Pregnancy did not increase Hodgkin lymphoma relapse rate




Women who become pregnant while in remission from Hodgkin lymphoma were not at increased risk for cancer relapse, according to an analysis of data from Swedish health care registries combined with medical records.

Of 449 women who were diagnosed with Hodgkin lymphoma between 1992 and 2009, 144 (32%) became pregnant during follow-up, which started 6 months after diagnosis, when the disease was assumed to be in remission. Only one of these women experienced a pregnancy-associated relapse, which was defined as a relapse occurring during pregnancy or within 5 years of delivery. Of the women who did not become pregnant, 46 had a relapse.


The effect of pregnancy on relapse has been a concern of patients and clinicians, but “our findings suggest that the risk of pregnancy-associated relapse does not need to be taken into account in family planning for women whose Hodgkin lymphoma is in remission,” said Caroline E. Weibull of Karolinska Institutet in Stockholm, and her associates.

The researchers used the nationwide “Swedish Cancer Register” to identify all cases of Hodgkin lymphoma (reporting is mandatory) and merged this data with clinical information from other registries and medical records.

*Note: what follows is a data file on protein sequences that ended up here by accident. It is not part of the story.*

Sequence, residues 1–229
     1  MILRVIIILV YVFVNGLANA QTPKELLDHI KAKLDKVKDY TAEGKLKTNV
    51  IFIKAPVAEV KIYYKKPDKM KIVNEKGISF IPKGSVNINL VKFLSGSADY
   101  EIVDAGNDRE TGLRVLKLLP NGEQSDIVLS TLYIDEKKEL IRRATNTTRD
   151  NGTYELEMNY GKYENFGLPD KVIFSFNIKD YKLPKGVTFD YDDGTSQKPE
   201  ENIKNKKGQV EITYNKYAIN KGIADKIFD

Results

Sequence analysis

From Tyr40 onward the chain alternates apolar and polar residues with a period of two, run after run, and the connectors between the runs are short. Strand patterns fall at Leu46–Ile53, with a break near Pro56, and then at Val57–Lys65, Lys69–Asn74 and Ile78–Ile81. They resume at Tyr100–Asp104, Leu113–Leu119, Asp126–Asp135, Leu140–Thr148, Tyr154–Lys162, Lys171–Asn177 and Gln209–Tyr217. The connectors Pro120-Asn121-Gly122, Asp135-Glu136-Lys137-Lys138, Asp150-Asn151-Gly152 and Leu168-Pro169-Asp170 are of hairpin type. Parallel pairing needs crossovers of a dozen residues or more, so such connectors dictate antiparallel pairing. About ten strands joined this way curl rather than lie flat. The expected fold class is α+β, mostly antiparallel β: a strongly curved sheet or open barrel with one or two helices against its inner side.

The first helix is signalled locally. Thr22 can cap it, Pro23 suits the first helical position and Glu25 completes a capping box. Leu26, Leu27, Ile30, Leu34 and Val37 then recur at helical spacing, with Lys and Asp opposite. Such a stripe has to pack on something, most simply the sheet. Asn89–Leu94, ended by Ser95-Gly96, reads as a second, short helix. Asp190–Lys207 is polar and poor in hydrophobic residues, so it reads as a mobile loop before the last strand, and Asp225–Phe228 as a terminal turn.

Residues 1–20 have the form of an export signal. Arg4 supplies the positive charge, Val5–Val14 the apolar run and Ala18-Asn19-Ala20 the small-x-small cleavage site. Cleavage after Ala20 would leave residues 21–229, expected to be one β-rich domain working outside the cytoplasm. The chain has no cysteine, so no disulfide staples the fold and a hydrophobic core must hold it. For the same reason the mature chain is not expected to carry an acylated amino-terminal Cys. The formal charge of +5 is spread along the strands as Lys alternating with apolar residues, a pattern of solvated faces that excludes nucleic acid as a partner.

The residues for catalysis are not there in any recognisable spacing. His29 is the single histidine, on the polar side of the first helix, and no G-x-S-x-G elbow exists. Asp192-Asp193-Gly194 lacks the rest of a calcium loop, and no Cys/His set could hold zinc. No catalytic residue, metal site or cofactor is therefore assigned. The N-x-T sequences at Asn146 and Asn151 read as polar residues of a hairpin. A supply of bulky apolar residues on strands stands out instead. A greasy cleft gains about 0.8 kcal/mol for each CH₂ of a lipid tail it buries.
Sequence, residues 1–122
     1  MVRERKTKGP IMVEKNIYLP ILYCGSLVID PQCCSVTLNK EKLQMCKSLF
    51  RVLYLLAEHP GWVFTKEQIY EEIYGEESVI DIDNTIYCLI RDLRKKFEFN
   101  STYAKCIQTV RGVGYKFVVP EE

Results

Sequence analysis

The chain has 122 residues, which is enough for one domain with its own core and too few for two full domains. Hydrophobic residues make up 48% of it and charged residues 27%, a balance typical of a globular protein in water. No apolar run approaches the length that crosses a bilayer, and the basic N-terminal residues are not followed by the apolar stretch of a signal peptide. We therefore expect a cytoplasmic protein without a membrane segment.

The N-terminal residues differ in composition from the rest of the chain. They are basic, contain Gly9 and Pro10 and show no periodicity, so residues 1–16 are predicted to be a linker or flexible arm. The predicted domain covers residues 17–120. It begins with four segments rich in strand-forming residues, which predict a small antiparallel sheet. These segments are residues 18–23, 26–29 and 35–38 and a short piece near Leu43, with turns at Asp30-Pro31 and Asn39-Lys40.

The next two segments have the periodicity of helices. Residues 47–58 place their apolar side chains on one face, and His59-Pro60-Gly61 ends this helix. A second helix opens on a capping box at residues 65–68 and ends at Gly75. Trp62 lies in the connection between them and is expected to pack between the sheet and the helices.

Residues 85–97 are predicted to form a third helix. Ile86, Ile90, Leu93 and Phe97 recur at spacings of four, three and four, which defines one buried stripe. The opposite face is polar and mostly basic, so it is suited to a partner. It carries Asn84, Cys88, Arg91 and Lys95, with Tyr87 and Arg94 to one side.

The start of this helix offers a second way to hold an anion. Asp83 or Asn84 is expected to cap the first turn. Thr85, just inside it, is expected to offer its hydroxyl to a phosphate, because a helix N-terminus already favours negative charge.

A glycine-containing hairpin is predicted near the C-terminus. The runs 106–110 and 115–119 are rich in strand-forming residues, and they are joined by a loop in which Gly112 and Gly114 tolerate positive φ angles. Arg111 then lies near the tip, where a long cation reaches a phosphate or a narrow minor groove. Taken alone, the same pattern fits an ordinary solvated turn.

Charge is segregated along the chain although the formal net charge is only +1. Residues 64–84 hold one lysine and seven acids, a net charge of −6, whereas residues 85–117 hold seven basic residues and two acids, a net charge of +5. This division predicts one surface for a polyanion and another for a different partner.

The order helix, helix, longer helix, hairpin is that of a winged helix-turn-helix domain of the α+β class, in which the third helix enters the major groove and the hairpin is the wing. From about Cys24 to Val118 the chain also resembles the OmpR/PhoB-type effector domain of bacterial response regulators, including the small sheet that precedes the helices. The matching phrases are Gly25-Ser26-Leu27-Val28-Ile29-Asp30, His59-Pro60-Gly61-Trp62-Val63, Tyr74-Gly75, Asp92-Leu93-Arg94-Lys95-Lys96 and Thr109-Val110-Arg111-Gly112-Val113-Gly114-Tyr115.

The pregnancy rates were similar among women who had limited- and advanced-stage disease and among women with and without B symptoms at diagnosis – a finding that negates consideration of a so-called “healthy mother effect” in protecting against relapse, they wrote (J Clin Onc. 2015 Dec. 14 [doi:10.1200/JCO.2015.63.3446]).

The researchers also found that the absolute risk for relapse was highest in the first 2-3 years after diagnosis, which suggests that women should be advised, “if possible, to wait 2 years after cessation of treatment before becoming pregnant.” Additionally, the relapse rate more than doubled in women aged 30 years or older at diagnosis, compared with women aged 18-24 years at diagnosis – a finding consistent with previous research, they noted.

Women in the study were aged 18-40 at diagnosis. Follow-up ended on the date of relapse, the date of death, or at the end of 2010, whichever came first.

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